Glazed doors are an incredibly popular option, particularly for those looking to flood their home with natural light.
This guide is aimed at helping you get an idea of exactly what a glazed door is and what different types we offer at Doordeals.
We'll take a look at what kind of glass you might like to go for and how opaque you can expect the glass to be.
We stock external glazed doors, but we also have a range of internal versions, which can be a great way of giving your home a flowing and open feel. Glazed doors help illuminate your home, which can be really helpful in rooms such as lounges where you want to optimise on natural light as much as possible.
What is glazing?
Glazing is the glass added to a door (or window). It's been used and refined by the construction industry over hundreds of years - slowly evolving from the old fashioned crown glass you might see on 16th century buildings, right up to the double glazing you see present on homes all over the country today.
The difference between double and single glazing is that with double glazing you have two panes of glass with air between them. This is particularly useful in terms of insulation, as it stops heat being lost out of your windows.
What different types of glazing are available?
At Doordeals we offer many different types of glazing, some of our doors come with it already in place, while you'll see others marked "ready to glaze". With these, the glazing won't be included with the door, you'll need to choose the type of glazing you want. This can help you save money as you can pick the glass type and price that suits your needs on our website.
Here are a few of the most popular choices:
Slender Fit Glass
This is the latest innovation in double glazing - Doordeals are one of the only door specialists to offer this range.
What's unique about this glass is the small spaces between the thin panes, normally double glazed units are 22-25mm thick, but Slender Fit glass is just 11-13.5mm. This is achieved as a result of the emissivity coating on the inside of the glazing, which reflects the heat back into the room and will help you save on energy bills.
Clear Toughened Glass
Toughened glass is a special kind of safety glass, which goes through a treatment process to increase its physical and thermal strength compared to normal glass.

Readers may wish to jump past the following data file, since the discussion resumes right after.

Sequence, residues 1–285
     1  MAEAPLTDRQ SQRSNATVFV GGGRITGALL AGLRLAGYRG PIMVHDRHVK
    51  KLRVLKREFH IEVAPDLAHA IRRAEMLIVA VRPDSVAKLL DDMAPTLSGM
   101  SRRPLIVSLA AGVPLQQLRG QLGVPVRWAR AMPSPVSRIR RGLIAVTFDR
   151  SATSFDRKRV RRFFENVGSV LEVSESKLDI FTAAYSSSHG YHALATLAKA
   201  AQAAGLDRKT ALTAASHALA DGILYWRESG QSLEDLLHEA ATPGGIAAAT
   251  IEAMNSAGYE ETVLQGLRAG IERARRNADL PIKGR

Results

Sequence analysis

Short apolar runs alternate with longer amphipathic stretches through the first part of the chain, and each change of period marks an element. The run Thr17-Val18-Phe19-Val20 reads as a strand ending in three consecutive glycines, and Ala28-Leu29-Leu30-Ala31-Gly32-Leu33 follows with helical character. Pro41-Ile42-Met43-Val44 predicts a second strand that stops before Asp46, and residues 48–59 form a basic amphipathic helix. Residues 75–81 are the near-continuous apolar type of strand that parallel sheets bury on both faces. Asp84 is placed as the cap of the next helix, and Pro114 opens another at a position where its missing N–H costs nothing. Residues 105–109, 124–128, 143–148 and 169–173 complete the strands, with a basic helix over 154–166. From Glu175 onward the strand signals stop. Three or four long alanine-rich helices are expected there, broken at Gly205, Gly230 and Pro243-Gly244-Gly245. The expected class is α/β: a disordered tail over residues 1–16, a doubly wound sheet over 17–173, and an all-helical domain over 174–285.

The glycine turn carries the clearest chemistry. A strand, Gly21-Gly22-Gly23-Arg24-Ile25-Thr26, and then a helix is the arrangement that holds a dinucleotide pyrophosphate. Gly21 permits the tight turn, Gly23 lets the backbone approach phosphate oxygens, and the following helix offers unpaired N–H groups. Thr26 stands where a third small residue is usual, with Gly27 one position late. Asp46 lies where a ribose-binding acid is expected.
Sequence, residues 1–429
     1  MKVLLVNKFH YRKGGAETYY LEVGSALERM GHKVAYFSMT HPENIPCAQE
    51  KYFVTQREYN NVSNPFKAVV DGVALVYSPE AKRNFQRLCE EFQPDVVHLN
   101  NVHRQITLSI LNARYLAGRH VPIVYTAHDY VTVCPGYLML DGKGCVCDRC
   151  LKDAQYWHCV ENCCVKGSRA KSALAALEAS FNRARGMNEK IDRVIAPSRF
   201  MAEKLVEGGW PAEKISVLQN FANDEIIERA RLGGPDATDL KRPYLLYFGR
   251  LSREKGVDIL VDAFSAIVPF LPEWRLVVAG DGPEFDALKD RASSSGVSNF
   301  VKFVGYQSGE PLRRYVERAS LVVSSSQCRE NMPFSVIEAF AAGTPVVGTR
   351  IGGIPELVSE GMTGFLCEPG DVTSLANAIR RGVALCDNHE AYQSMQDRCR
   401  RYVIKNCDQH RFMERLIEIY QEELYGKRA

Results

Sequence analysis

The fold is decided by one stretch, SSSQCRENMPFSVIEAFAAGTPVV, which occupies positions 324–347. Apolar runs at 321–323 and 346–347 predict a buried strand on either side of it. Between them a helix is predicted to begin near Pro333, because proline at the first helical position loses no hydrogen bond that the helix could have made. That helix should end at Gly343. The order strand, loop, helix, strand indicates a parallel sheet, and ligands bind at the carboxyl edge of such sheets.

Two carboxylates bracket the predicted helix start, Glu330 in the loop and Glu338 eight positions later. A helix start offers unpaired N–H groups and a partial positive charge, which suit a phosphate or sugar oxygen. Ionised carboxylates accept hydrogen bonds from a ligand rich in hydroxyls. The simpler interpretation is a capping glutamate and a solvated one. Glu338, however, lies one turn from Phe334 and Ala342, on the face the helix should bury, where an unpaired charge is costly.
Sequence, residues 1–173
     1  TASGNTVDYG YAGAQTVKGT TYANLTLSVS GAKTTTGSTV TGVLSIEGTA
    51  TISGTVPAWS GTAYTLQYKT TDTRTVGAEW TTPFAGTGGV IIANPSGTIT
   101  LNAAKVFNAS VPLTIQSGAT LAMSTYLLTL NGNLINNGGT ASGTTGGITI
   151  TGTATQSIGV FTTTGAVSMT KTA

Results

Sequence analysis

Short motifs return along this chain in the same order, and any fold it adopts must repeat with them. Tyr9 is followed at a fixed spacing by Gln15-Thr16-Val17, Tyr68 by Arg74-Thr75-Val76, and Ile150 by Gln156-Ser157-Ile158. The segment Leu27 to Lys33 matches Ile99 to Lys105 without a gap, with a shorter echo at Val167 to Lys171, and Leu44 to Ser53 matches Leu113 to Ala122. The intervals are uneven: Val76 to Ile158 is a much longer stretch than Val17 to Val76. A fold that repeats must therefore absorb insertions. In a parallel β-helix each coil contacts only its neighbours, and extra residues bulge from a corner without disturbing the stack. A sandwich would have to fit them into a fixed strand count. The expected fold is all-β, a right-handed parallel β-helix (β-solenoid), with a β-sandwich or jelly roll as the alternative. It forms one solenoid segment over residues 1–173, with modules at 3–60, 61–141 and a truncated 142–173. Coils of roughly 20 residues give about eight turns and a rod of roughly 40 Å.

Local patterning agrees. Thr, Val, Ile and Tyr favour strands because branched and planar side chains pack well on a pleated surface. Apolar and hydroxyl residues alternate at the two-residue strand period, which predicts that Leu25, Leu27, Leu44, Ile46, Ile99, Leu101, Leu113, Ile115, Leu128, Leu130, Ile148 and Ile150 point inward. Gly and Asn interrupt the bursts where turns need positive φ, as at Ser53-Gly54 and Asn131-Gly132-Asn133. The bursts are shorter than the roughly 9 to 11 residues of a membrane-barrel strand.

If the glass is subject to sufficient force to break, it would crumble into small granular chunks instead of splintering into jagged shards. This makes toughened glass much safer, also offering peace of mind if used on an external door as it is very difficult to get through. You can get an even stronger version with the double glazed option.
Clear Bevelled Toughened Glass
Bevelled glass has an angled surface cut around the entire periphery of the glass, giving a distinctive look. This acts as a prism, which highlights the bevelled feature of the glass.
By offering this in "toughened" form though, you'll be able to rely on it to shatter in the same way as above, so it will not represent a risk if broken.
Patterned Toughened Glass
You can also get toughened glass that comes with a pattern. Patterned glass is a more opaque option as the various designs can offer a range of obscuration.
We have Arctic, Autumn, Chantilly, Charcoal Sticks, Contora, Cotswold, Digital, Everglade, Flemish, Florielle, Mayflower, Minster, Oak, Pelerine, Stippolyte, Sycamore, Taffeta, Warwick - so a whole range of different beautiful designs!
You can check out the various designs here - just select Glazing - Patterned Toughened Glass and then click to view glazing patterns in full.
Etched (sandblasted) Toughened Glazing
Etched glass is good for that added bit of privacy, providing a little more obscuration with its subtle frosted design.
The method was originally utilised by the Victorians and is often used for internal doors, as it allows you to let light in but keep each room distinct.
You can also get this type of glass patterned - we offer Medway, Nene, Rother Stour, Tees of Thames as options and there are pictures of all available on site when choosing your glazing.
Triple glazed doors
These are made by soldering and leading two pieces of cut, coloured or bevelled glass together, then sandwiching them between two pieces of clear toughened safety glass.
This can work really well for a feature window, as it is much easier to clean than the more traditional options.
They also offer great insulation, with that extra layer really making a difference when it comes to keeping heat in.
These are just some of the options available. Take a look around the site and try out some of the different choices.
If you have any further questions, specifically related to building regulations, which we haven't covered in much detail here, then you can find some more information in our FAQ section.
Also, if you come across anything else you're not sure about or just want a little more information on then please do call our expert team - 0114 2557800 - we'll be happy to hear from you!